Sashaying onto the stage are the queens from RuPaul’s Drag Race UK Series 2 but if you haven’t managed to get tickets to this sell-out eleganza extravaganza don’t worry. An extra date for this tour has been added on 11 April and if you’re lucky, you might be able to nab one of the last tickets remaining. However, the Official Series 3 tour dates have been announced so all your favourites from the latest season will be Ru-turning to Oxford in the Autumn.
Expect season finalists, Kitty Scott-Claus, Krystal Versace, Vanity Milan and Ella Vaday in Oxford for one night only; 3 October 2022. Tickets are on sale now at cuffeandtaylor.com, but hurry as the Official Series 2 tour sold out fast. Ben Hatton of Cuffe and Taylor confirmed:
“Such was the demand for sales for the first tour when we announced it earlier this year that we have decided to get everything in place for the Series 3 tour now. RuPaul’s Drag Race UK is an exciting show and we can’t wait to witness what will undoubtedly be many incredible and outrageous nights of live entertainment in venues across the UK.”
We’ll be there tomorrow and, in the meantime, we will be brushing up on our language skills:
THE RUPAUL DRAG RACE UK NEED TO KNOW DRAGTIONARY
Beat: To apply your makeup flawlessly. Used in a sentence: "Girl, you beat your face so good, I can't stop looking at it."
Condragulations: The drag version of congratulations. Used in a sentence: "Condragulations you are the winner of this week's challenge."
Dragmother: Queens on the show often refer to their 'drag families', the families they have made with other queens and members of the gay community when their own families wouldn't accept them. Dragmothers are the queens who took them under their wings and taught them the art of drag. Used in a sentence: "Alyssa Edwards is dragmother to Gia Gunn, Laganja Estranja and Shangela."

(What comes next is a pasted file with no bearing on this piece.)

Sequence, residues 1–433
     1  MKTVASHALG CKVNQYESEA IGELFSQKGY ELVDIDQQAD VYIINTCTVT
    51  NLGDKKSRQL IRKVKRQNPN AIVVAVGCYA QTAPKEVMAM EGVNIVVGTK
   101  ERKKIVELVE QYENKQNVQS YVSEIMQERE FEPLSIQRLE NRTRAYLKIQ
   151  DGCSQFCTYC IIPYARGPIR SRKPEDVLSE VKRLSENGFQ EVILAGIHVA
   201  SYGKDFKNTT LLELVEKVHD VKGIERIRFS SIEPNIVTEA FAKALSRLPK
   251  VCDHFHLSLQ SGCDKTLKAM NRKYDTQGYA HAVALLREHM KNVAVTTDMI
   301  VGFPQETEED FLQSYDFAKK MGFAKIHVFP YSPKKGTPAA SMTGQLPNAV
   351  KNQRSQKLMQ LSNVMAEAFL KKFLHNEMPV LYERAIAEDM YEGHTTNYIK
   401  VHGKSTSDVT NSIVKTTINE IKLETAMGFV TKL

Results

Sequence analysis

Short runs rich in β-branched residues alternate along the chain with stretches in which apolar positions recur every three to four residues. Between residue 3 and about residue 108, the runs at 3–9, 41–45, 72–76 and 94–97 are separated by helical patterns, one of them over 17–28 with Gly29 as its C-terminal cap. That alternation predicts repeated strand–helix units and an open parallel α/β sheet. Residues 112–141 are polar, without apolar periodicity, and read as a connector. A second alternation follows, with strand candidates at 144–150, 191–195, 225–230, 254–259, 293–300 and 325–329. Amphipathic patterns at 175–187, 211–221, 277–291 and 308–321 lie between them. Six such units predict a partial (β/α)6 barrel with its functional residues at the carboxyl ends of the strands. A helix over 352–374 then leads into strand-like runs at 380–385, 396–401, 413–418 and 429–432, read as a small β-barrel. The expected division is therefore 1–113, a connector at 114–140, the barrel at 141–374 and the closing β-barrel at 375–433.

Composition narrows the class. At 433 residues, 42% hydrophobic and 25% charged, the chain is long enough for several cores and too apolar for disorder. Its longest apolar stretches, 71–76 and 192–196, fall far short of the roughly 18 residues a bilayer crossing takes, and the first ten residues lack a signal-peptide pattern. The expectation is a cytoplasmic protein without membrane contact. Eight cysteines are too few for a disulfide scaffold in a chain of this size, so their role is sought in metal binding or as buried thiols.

Lip sync for your life: The bottom two queens from each week lip sync against each other. Whoever impresses Ru the least is eliminated. Used in a sentence: "The time has come for you to lip sync for your life. Good luck and don't f*ck it up."
Read: To criticise or critique. In Drag Race, the act of "reading" is meant to be savage and hilarious. RuPaul opens the "library" where queens read each other once a season. This has spawned the catchphrase "Reading is fundamental". Used in a sentence: "I'm sick of the judges reading me for my outfits."
Realness: To do something authentically. Often on the runway the queens are "serving XX realness." Used in a sentence: "Tonight on the runway I'm serving Vivienne Westwood realness."
Sashay away: RuPaul tells eliminated contestants to "sashay away", in what is now one of the show's most iconic catchphrases. Used in a sentence: "I'm sorry my dear, but the time has come for you to sashay away."
Serve: One of the most important terms in the Drag Race vernacular; to serve is to use your look to offer the judges something amazing. Used in a sentence: "Tonight on the runway I am serving executive realness".
Shade: Insulting someone in a sly, under-the-radar manner (different to a read). Used in a sentence: "She was throwing serious shade when she insinuated you let the team down this challenge."
Shantay, you stay: The flip-side of "sashay away", this is how Ru tells a queen who survived the lip sync that she is still in the competition. Used in a sentence: "Shea Couleé, shantay you stay."
Tea/tee/T: T refers to gossip. To "spill the tea" is basically to just talk shit together. Used in a sentence: "Are you free for drinks tonight? I've got some tea to spill."
Tuck: Tucking is the art of taping/pulling back your junk while in drag. Used in a sentence: "Go backstage and untuck."
Tour Shot (C) Jon Stone